You may have recently heard that on December 11, 2013, the California Supreme Court denied the builder’s Petition for Review of the published decision in Liberty Mutual Insurance Co. v. Brookfield Crystal Cove LLC, 163 Cal. Rptr. 3d 600, Cal. App. 4th 98 (2013). For builders and contractors, this is very frustrating news and undermines the possibility of certainty that was sought in the sb800 legislation regarding the statute of limitations and potential damages recoverable after what had been specified periods of time negotiated between the plaintiffs’ bar and defense/builders’ bar resulting from the California Supreme Court’s ruling in Aas v. Superior Court of San Diego County, 101 Cal. Rptr. 2d 718, 24 Cal. 4th 627 (2000) (upholding the economic loss rule in residential construction defect claims). The immediate impact of the Supreme Court rejection to hear the Brookfield Petition is at least twofold: 1) lack of certainty for builders and contractors regarding the statute of limitations, and defect standards, applicable in a residential construction defect case; and 2) anticipated increases in premiums for builders’ and contractors’ insurance policies, ultimately resulting in fewer homes built and higher costs to homebuyers.
Briefly, one could trace in the 10 years following sb800 that builders, owners, and even the vast majority of their counsel, along with California trial courts, had followed the plain language in sb800: it was the only grounds for claims for residential construction defects, unless permitted by the statute itself, thereby precluding previously routine common-law tort claims such as strict liability and negligence. The statutory scheme also set specific periods for the end of liability under many standards set forth in the statute, graduating for example from one year (noise), and four years (steel fencing), to 10 years (structural), with goal-oriented defect standards applicable to the most commonly made defect claims. Consistent with that plain language reading of sb800, builders and contractors had planned their work and business certainty around the statute’s internal repose periods, and insurers had returned to the market after fleeing from California in the early 2000s. Liberty Mutual upended that certainty, and the California Supreme Court’s rejection of the Petition for Review has currently closed the door on what will be an ongoing conflict among insurers, builders, contractors, and homebuyers over the applicability of the decision beyond the Fourth District. The ramifications have yet to be felt, including: What is the statute of limitations where there is damage resulting from a latent defect? What is the defect standard that applies to such a tort claim that is no longer precluded by the statute? Does the tort claim have to be brought under the statute at all, including the pre-claim procedures? Can builders protect against the decision by expressly limiting their liability to contract claims that comply with at least the statutory periods and standards? With a broader exposure to be insured against, what will be the impact on the premium rates in this struggling building economy?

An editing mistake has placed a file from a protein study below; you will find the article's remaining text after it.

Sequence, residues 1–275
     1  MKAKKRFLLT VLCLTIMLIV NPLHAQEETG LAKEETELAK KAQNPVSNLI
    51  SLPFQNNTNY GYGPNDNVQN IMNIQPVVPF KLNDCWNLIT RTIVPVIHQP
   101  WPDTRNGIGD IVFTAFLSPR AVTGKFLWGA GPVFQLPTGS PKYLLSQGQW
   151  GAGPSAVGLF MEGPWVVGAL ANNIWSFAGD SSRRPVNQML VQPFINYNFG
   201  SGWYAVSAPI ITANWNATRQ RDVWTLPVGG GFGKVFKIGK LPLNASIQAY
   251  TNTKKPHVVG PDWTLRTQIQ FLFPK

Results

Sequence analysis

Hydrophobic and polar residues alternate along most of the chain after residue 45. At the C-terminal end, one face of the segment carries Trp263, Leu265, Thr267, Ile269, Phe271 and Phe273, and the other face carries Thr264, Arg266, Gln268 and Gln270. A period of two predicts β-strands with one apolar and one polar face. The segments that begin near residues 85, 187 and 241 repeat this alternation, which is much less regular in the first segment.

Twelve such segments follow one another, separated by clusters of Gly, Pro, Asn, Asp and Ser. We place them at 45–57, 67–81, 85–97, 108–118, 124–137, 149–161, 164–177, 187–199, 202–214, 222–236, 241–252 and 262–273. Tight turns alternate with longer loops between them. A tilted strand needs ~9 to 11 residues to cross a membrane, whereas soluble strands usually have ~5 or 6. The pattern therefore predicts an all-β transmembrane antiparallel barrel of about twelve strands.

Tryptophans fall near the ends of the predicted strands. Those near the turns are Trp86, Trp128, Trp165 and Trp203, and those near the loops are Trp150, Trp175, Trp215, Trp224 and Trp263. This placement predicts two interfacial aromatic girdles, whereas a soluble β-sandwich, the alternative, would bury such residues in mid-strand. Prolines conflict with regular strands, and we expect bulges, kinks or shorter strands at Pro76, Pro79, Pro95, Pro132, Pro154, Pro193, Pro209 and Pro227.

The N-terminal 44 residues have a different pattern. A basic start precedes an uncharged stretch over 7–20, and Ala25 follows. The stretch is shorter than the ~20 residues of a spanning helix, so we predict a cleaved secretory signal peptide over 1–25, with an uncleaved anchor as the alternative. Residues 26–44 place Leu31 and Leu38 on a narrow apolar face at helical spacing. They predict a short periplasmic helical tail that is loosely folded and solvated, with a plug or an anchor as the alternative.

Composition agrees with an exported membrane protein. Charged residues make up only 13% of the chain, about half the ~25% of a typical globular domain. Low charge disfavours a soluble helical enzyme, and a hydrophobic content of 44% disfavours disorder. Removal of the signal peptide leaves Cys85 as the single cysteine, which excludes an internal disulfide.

Yet, despite the uncertainty – except that litigation will follow and increase along with insurance rates and home buyer’s costs – one objective is clear: reasonable, thorough, and proactive risk management from project inception through course of construction and warranty remains the most cost-effective way to mitigate the losses that will increase from this ruling.